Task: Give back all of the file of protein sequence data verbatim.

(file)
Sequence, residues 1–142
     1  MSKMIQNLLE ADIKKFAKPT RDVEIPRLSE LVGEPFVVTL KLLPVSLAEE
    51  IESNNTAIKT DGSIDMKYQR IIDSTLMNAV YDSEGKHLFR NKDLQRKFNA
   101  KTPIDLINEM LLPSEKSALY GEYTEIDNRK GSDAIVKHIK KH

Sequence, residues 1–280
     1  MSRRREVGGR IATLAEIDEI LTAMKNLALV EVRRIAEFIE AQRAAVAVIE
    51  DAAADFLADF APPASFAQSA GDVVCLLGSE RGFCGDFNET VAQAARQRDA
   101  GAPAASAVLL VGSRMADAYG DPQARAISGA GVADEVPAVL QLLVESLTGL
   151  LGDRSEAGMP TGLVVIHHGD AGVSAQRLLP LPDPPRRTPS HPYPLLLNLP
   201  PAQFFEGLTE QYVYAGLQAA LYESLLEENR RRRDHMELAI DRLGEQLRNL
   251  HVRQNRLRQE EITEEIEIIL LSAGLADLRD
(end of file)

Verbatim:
Sequence, residues 1–142
     1  MSKMIQNLLE ADIKKFAKPT RDVEIPRLSE LVGEPFVVTL KLLPVSLAEE
    51  IESNNTAIKT DGSIDMKYQR IIDSTLMNAV YDSEGKHLFR NKDLQRKFNA
   101  KTPIDLINEM LLPSEKSALY GEYTEIDNRK GSDAIVKHIK KH

Sequence, residues 1–280
     1  MSRRREVGGR IATLAEIDEI LTAMKNLALV EVRRIAEFIE AQRAAVAVIE
    51  DAAADFLADF APPASFAQSA GDVVCLLGSE RGFCGDFNET VAQAARQRDA
   101  GAPAASAVLL VGSRMADAYG DPQARAISGA GVADEVPAVL QLLVESLTGL
   151  LGDRSEAGMP TGLVVIHHGD AGVSAQRLLP LPDPPRRTPS HPYPLLLNLP
   201  PAQFFEGLTE QYVYAGLQAA LYESLLEENR RRRDHMELAI DRLGEQLRNL
   251  HVRQNRLRQE EITEEIEIIL LSAGLADLRD